Avesthagen has ‘consolidated, cleaned-up and restructured’ its operations and is looking to fire on multiple cylinders of personalised healthcare, nutrition and climate-change oriented agriculture, said Dr. Villoo Morawala-Patell, Founder-Chairperson and Managing Director.
“They say if you survive the 12 th year, you are pretty much online and you will survive. But this is the 24 th year and we are very (much) here,” said Dr. Patell, who incubated Avesthagen in an academic environment (1998), later registering it as a company (2001).
About a decade ago, Avesthagen hit a rough financial patch, and was out of the limelight, until recently. This year, the company inked a four-year partnership with Wiproto commercialise its genetic testing portfolio. It announced another alliance with UK digital health company Congenica for its Avgen Diagnostics, a personalised gene testing service.
Avesthagen has developed a slew of technologies at the convergence of food, pharma and population genetics leading to predictive, preventive, personalized healthcare and food security, Dr. Patell told businessline. Looking to shore up revenues by commercialising these technologies, the company is exploring multiple avenues including, out-licensing, partnerships and spinning off the product as a separate venture, she said. The company is looking to hire top management including a Chief Operating Office and a Chief Scientific Officer, towards this goal, she added.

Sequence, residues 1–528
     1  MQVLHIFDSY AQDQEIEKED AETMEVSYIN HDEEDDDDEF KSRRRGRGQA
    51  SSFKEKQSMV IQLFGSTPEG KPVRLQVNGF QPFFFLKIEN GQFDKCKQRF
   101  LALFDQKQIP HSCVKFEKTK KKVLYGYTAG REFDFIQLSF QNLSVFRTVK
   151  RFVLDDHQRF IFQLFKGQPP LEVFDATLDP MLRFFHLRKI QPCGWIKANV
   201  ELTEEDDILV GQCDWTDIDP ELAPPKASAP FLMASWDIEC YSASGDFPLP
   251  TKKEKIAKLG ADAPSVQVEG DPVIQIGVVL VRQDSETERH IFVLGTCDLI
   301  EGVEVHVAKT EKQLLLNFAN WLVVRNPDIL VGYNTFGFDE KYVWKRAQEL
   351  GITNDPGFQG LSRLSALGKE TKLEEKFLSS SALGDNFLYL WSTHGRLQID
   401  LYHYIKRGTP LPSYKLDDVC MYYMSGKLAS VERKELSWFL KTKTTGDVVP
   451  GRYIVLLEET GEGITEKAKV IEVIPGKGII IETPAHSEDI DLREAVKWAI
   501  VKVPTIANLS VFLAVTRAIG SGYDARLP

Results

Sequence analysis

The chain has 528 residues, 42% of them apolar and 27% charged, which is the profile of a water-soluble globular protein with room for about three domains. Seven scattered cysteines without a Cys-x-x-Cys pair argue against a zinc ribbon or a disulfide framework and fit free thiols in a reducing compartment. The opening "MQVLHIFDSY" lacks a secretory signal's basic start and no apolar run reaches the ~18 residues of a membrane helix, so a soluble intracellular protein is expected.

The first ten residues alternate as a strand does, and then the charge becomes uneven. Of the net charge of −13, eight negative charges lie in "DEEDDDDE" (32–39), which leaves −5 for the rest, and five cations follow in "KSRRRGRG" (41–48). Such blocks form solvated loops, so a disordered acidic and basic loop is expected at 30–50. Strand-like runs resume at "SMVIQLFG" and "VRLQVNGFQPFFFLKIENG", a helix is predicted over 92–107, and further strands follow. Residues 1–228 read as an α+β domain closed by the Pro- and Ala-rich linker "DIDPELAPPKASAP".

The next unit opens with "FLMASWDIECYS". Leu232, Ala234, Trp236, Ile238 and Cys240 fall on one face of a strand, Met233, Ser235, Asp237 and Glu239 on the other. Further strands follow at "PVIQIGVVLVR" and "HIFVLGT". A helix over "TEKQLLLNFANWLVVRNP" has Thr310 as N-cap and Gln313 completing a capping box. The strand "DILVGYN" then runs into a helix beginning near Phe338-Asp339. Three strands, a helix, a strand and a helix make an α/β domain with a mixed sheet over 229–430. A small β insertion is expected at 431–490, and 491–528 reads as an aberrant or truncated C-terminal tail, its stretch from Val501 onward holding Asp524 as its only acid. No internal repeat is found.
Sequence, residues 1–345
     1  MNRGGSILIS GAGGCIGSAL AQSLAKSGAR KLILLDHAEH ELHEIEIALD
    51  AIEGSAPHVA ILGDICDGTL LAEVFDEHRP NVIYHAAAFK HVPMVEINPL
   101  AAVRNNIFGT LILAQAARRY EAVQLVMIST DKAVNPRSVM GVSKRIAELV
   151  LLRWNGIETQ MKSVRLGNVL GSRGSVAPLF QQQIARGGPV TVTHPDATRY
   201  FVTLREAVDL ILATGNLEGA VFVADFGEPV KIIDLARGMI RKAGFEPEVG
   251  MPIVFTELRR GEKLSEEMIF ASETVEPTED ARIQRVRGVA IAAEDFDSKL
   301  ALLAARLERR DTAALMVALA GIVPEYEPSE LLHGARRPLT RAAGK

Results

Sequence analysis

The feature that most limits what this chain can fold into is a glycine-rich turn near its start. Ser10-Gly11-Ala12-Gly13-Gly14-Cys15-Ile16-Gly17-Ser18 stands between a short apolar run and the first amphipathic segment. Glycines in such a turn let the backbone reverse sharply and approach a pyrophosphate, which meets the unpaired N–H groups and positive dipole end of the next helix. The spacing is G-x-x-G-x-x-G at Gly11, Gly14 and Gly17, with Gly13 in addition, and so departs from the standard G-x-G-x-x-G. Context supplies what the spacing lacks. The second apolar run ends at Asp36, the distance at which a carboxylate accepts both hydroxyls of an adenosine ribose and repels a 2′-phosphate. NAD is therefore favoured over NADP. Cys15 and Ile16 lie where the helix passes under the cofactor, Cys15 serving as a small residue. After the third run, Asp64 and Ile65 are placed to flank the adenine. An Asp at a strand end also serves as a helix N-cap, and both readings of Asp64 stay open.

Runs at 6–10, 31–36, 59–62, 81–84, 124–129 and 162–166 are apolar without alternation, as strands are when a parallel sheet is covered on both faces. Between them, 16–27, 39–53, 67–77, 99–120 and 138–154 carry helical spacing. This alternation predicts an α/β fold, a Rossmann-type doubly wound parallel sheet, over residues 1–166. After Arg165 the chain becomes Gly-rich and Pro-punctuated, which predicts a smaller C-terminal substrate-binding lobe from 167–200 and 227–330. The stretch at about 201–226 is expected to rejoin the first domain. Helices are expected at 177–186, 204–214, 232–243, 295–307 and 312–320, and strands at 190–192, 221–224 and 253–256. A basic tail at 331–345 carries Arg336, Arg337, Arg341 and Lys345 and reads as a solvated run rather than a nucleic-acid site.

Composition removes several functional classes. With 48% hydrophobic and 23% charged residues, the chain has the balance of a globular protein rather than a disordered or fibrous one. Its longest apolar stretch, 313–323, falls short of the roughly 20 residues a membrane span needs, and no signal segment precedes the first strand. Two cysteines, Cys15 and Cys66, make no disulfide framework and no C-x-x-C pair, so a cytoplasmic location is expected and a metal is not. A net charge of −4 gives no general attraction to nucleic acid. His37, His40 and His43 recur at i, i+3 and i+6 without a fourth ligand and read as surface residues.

Smart and nimble
The company’s ongoing Avestagenome Project received attention as it set out to map the Zoroastrian Parsi community and identify bio-markers for diseases, paving the way for personalised medicine. This creation of a First Reference Standard for the Parsi population, said Dr. Patell, is mirrored in this year’s Nobel prize for Medicine (2022), that sequences the Neanderthal genome.
In the agri-tech space, Avesthagen looks to use next-gen technologies like CRISPR, a gene editing tool. The effort is to produce crops that are drought-resistant, for instance.
Avesthagen’s investors include ICICI Ventures, Fidelity, Tata Industries, Godrej Industries, Danone and Institut Merieux, among others. The company expects to be debt free in about a year, through asset partnering and licensing, said Dr. Patell. Similarly, with pending legal cases, she said, few remain, as with any company, which she expected to settle and close in a year.
Referring to lessons from the past, she said Avesthagen is looking to stay “smart and nimble”. It outsources functions like manufacturing, for example. And staff-strength, once as high as 750, is now between 50 and 100, she said.